Hutchinson buys biography of revolutionary who inspired Les Mis

Hutchinson buys biography of revolutionary who inspired Les Mis

Hutchinson has bought a biography of French revolutionary Emmanuel Barthélemy whose life inspired Victor Hugo’s 1862-published novel Les Miserables.

Sarah Rigby, senior editor at Hutchinson, pre-empted UK and Commonwealth rights (excluding Canada) in The Murderer of Warren Street by Oxford historian, Marc Mulholland, from Sally Holloway at Felicity Bryan Associates.

The Murderer of Warren Street is the "gripping, thrilling and unique" true tale of the Victorian revolutionary, Emmanuel Barthélemy, who was hanged for double murder in London in 1855. 

Barthélemy, who was born in 1823 into an ordinary French working-class family, was immortalised in Victor Hugo’s Les Miserables, in which novel is an account of Barthélemy's life, for manning the Parisian barricades of the June Days of 1848. A political radical by the age of 16, he narrowly avoided execution following the failure of the uprising and risked his life to escape across his gaol’s rooftops. He left France for London in 1850 disguised as a priest, according to Hutchinson, where he mixed with famous revolutionaries of the day, including Karl Marx, fell in love and planned a political assassination that would lead to his eventual death.

Rigby, who pre-empted the book, called it "a true life story more remarkable than fiction". She said, "At the time of his hanging, Emmanuel Barthélemy’s history was described as ‘a drama of thrilling interest’, and this is exactly what Marc Mulholland promises to deliver in The Murderer of Warren Street. Surrounded by the bustle of Paris and London’s 19th-century streets, you cannot help but be captivated as you follow the coattails of this feared and revered man."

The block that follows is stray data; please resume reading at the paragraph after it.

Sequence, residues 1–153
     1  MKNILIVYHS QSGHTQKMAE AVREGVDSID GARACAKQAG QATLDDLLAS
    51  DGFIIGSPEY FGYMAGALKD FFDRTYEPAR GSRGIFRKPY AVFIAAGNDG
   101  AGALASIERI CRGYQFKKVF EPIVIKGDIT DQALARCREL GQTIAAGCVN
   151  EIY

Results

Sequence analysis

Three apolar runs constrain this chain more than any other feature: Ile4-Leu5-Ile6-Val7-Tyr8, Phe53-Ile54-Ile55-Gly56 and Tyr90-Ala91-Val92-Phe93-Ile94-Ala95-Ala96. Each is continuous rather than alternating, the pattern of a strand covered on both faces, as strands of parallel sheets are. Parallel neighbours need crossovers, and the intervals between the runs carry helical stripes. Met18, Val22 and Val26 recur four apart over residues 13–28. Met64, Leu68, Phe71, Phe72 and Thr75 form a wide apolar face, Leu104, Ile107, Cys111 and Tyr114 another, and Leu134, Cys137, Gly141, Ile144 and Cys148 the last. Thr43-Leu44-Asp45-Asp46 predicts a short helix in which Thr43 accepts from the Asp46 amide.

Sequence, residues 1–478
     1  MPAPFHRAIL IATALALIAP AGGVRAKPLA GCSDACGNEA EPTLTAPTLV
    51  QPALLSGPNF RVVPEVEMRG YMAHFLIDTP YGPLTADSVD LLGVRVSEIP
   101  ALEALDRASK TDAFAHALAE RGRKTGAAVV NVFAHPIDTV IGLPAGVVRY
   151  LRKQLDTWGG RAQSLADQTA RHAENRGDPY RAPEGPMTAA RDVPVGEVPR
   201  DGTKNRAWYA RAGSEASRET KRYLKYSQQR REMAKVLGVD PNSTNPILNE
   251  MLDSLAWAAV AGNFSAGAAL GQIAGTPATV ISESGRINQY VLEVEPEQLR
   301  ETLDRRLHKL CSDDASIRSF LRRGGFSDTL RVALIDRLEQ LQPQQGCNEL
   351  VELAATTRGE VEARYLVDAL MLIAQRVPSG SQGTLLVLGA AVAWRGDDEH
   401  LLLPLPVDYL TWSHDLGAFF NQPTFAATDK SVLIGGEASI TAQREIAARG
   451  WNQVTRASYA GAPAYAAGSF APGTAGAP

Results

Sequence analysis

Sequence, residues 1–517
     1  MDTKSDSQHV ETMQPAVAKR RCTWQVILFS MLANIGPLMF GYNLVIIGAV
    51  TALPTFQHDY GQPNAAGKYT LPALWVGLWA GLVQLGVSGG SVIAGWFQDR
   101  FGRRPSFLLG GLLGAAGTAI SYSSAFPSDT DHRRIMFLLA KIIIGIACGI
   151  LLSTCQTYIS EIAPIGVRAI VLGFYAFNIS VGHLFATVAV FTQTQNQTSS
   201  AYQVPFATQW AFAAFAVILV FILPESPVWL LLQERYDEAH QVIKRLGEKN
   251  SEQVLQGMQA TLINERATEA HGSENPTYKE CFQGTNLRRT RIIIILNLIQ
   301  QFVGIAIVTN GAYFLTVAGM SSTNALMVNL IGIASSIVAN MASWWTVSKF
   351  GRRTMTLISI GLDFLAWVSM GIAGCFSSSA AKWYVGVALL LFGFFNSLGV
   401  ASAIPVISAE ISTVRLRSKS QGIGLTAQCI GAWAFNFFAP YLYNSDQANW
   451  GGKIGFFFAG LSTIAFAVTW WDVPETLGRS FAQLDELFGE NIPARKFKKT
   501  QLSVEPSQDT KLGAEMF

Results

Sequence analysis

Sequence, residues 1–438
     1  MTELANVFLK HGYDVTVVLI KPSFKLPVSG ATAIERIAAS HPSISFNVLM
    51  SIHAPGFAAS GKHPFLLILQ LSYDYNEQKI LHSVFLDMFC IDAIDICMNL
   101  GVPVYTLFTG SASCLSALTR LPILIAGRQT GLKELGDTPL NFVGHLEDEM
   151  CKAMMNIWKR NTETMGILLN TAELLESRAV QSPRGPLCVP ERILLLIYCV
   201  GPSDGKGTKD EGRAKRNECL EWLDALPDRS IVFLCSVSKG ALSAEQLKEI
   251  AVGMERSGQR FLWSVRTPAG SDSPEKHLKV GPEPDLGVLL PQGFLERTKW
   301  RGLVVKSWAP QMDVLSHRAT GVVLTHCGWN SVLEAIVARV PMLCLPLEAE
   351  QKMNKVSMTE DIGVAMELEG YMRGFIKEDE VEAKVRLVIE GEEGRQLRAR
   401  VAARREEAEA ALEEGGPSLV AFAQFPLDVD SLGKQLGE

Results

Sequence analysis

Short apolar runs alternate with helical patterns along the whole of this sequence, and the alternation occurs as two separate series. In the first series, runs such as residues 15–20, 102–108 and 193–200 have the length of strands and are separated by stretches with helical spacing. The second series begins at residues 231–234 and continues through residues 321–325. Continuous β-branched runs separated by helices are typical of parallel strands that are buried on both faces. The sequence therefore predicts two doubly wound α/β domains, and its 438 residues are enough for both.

Mulholland, a tutor and fellow at St Catherine’s College, Oxford University, said: "Emmanuel Barthélemy until now has been a footnote in history. But what a remarkable life! Barricade fighter, jail-breaker and revolutionary, Barthélemy sparred with Karl Marx in London, fought the last duel in England and went to the gallows defending the woman he loved. His waxwork was for years the prize exhibit in Madame Tussaud's Chamber of Horrors. My book shines a light into an extraordinary underworld of conspiracy and insurrection. Barthélemy's story brings history alive and its passions and treacheries have a surprising number of lessons for us today."

Hutchinson will publish in hardback and e-book in August 2018, with a Windmill paperback to follow.